- What is budesonide inhaler, and how does it work (mechanism of action)?
- What brand names are available for budesonide inhaler?
- Is budesonide inhaler available as a generic drug?
- Do I need a prescription for budesonide inhaler?
- What are the side effects of budesonide inhaler?
- What is the dosage for budesonide inhaler?
- Which drugs or supplements interact with budesonide inhaler?
- Is budesonide inhaler safe to take if I'm pregnant or breastfeeding?
- What else should I know about budesonide inhaler?
What is budesonide inhaler, and how does it work (mechanism of action)?
Budesonide is a man-made glucocorticoid steroid related to the naturally-occurring hormone, cortisol or hydrocortisone which is produced in the adrenal glands. It is used for treating asthma by inhalation. Glucocorticoid steroids such as cortisol or budesonide have potent anti-inflammatory actions that reduces inflammation and hyper-reactivity (spasm) of the airways caused by asthma. When used as an inhaler, the budesonide goes directly to the inner lining of the inflamed airways to exert its effects. Only 39% of an inhaled dose of budesonide is absorbed into the body, and the absorbed budesonide contributes little to the effects on the airways. While some improvement in the symptoms of asthma may occur within 24 hours, it may take a few weeks to obtain the maximum therapeutic benefits of budesonide when used to treat asthma.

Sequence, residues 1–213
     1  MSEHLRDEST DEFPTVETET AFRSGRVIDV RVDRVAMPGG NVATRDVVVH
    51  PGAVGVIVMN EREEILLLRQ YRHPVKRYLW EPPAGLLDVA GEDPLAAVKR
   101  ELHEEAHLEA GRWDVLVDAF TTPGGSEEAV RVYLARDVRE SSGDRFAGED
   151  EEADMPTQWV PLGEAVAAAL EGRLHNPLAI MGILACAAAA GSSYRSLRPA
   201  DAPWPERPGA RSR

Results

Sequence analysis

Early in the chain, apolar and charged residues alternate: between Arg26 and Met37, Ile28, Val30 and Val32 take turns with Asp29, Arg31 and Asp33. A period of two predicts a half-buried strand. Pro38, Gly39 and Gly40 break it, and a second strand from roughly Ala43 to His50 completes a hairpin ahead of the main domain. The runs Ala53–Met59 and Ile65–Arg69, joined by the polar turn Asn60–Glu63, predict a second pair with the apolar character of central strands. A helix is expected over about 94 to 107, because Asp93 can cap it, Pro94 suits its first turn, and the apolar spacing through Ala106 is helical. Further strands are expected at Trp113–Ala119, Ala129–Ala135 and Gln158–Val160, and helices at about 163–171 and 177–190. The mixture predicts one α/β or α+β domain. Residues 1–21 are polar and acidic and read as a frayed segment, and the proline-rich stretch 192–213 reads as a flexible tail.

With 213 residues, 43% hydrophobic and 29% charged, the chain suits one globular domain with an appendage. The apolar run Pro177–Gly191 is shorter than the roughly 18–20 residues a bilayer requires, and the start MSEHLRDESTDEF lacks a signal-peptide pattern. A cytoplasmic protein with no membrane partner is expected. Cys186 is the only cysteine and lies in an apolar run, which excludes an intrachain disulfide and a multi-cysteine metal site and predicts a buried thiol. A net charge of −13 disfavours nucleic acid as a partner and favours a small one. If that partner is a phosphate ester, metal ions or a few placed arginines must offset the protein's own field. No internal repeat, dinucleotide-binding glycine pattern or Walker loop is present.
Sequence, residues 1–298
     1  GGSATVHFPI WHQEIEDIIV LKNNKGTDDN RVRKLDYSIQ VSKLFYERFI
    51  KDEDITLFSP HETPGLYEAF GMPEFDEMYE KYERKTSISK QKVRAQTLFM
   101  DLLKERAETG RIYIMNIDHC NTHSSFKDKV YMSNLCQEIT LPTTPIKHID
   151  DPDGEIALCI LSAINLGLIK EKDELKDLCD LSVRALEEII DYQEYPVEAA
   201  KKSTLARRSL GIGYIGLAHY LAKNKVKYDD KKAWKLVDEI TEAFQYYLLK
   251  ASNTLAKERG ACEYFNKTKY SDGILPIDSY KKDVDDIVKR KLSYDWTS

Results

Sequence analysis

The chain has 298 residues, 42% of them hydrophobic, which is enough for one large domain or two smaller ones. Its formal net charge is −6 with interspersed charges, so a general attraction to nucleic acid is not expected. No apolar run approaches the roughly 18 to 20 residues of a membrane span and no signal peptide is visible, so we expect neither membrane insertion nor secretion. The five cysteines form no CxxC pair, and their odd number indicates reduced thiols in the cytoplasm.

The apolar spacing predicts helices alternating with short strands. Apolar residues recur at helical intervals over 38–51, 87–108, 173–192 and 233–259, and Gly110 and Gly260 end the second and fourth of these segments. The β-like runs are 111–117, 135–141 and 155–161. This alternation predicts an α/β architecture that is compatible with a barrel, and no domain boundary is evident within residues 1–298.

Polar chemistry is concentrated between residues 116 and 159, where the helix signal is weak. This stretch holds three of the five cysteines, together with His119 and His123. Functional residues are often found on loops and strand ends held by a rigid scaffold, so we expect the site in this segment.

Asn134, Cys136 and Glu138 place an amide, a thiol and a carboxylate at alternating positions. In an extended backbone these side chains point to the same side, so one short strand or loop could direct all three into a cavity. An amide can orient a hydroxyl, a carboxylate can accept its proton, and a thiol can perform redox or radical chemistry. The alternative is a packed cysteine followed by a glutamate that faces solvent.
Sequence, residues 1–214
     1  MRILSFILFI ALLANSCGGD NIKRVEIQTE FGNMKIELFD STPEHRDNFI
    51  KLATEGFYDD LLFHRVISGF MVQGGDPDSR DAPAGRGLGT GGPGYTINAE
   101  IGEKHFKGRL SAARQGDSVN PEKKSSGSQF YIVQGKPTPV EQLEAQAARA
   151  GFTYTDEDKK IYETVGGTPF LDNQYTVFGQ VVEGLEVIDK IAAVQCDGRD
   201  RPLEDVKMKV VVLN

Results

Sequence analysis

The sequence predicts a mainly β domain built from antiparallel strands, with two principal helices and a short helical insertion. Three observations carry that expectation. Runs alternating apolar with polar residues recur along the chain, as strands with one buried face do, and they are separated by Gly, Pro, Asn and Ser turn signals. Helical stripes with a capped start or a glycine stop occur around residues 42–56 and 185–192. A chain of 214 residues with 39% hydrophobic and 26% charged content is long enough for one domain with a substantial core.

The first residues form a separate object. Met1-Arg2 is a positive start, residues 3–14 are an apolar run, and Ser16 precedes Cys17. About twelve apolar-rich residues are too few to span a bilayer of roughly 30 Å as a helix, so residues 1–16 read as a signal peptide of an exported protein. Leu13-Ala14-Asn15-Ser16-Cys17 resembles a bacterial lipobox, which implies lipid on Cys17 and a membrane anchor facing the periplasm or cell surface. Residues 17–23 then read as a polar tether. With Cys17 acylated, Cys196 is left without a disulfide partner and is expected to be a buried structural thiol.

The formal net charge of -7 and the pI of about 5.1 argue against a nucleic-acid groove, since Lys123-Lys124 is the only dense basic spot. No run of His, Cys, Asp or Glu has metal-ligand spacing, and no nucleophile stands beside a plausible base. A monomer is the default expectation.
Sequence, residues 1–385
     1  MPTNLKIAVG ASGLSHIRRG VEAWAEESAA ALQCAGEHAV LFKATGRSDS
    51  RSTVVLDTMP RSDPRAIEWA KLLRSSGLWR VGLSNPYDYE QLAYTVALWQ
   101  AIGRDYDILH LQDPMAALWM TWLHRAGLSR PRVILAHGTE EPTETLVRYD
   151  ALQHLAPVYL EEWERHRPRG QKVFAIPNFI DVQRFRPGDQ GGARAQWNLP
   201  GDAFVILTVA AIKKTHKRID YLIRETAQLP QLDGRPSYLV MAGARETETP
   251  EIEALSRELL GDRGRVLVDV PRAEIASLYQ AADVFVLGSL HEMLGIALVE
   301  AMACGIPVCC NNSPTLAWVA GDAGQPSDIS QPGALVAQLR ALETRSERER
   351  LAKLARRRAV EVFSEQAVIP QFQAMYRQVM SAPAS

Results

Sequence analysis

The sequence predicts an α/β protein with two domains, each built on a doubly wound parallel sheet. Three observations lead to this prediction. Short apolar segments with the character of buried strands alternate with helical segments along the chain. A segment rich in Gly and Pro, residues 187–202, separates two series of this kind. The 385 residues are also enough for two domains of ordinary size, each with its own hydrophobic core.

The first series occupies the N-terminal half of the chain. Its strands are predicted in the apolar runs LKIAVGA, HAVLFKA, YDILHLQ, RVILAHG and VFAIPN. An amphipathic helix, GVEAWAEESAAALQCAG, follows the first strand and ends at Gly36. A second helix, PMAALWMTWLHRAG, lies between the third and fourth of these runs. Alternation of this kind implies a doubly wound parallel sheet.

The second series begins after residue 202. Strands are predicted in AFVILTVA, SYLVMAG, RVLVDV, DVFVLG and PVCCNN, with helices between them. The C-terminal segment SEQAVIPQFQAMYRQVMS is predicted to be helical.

What are the side effects of budesonide inhaler?
- The most commonly noted side effects associated with inhaled budesonide are mild cough or wheezing; these effects may be minimized by using a bronchodilator inhaler, for example, albuterol (Ventolin HFA), prior to the budesonide.
- Oral candidiasis or thrush (a fungal infection of the throat) may occur in 1 in 25 persons who use budesonide without a spacer device on the inhaler. The risk is even higher with large doses, but is less in children than in adults.
- Hoarseness or sore throat also may occur in 1 in 10 persons. Using a spacer device on the inhaler and washing the mouth out with water following each use reduces the risk of both thrush and hoarseness.
- Less commonly, alterations in voice may occur.
High doses of inhaled glucocorticoid steroids may decrease the formation and increase the breakdown of bone leading to weakened bones and ultimately osteoporosis and fractures. High doses may suppress the body's ability to make its own natural glucocorticoid in the adrenal gland. It is possible that these effects are shared by budesonide. People with suppression of their adrenal glands (which can be tested for by the doctor) need increased amounts of glucocorticoid steroids orally or intravenously during periods of high physical stress, for example, during infections, to prevent serious illness and shock.
Hypersensitivity reactions, which have been reported with the issue of inhaled budesonide include
Use of budesonide should be discontinued if such reactions occur.
What is the dosage for budesonide inhaler?